Being a Fictional Divergent In A Non-Fictional World
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Being a Fictional Divergent In A Non-Fictional World

“I have a theory that selflessness and bravery aren’t all that different.” – Veronica Roth

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Being a Fictional Divergent In A Non-Fictional World

The Divergent series by Veronica Roth is hands down my favorite book series ever written. (Disclaimer: It is not my favorite just because Theo James stars in the movie.)

In case you have not read the books or seen the movie, the main concept is that the story takes place in a post-war society. In this society there are five factions: Erudite, Abnegation, Amity, Candor, and Dauntless. Each faction represents a different virtue. In this society, when you turn 16 you have to take an aptitude test to see which faction you belong in.

When the main character Beatrice Prior (Tris) takes the test, she is told that her results were inconclusive, which means she is divergent. This means that she is a combination of multiple factions. In this society, being divergent is dangerous because they do not conform to society. They are uncontrollable.

Each faction represents a characteristic of a person. The Erudite values knowledge and intelligence. The Abnegation practices selflessness. The Amity values peace and kindness. The Candor values honesty. The Dauntless values bravery.

Like I said earlier, divergents do not conform to one specific faction. Tris, for example, was a combination of Erudite, Abnegation and Dauntless. She was intelligent, selfless and brave. Being divergent means that you have more than one dominate virtue in who you are.

People generally want to strive to achieve perfection. In this post-war society, perfection is basically the form of a divergent. However, this “perfection” is dangerous according to their leaders because of the divergent’s inability to conform. People tend to want to be smart, selfless, kind, honest and brave. They want all of these qualities about themselves in order to be a “perfect” person.

Throughout Divergent, the leaders in the society are extremely against divergents. The leaders even take measures to attempt - and in some cases succeed - to murder them. This is kind of ironic to me because in their society, having all of these or even a small combination of them is "dangerous" and "not accepted." However in our society, obtaining all of these virtues is important to our lives and futures as individuals.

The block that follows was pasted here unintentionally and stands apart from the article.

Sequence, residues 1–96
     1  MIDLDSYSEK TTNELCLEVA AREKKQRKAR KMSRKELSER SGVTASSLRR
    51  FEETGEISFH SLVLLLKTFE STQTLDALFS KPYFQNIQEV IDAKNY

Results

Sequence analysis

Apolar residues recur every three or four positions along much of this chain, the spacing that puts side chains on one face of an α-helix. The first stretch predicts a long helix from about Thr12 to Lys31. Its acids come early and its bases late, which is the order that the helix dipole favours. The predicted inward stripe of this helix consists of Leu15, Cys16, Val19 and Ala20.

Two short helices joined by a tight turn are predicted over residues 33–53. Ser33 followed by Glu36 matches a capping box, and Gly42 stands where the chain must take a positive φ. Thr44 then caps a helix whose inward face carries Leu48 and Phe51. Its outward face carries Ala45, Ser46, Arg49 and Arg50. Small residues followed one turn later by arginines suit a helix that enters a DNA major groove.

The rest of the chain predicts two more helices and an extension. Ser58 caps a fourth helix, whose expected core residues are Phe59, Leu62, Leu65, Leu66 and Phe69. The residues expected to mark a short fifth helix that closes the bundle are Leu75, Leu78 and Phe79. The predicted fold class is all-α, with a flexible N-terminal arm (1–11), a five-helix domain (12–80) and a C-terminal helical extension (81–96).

Throughout this trilogy, Roth has a way of taking this fictitious story and makes it seem and feel as though it is real. The correlation that this article makes to the real world is only one of very many things that are comparable between our lives and this series. Most people have a divergent way of thinking, even if that thinking does not carry out into their personalities.

I believe that all of these virtues intertwine. In some situations in which you are brave, you could easily be selfless. By being selfless, you are also representing peace and kindness. With kindness comes honesty, and with honesty comes knowledge. In a way, it is like you cannot have one of these virtues without another following along with it. 

Striving to have these virtues in our lives is highly important for our growth and success as human beings. By aspiring to gain these qualities about ourselves, we can learn a lot about who we are as an individual. If you have not read these books, I highly encourage you to do so. While reading this trilogy, I found a lot of lessons that I could apply to my life individually. There are many symbols throughout the series that just make Divergent - along with its sequels Insurgent and Allegiant - an incredible and indescribable read. 

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This article has not been reviewed by Odyssey HQ and solely reflects the ideas and opinions of the creator.
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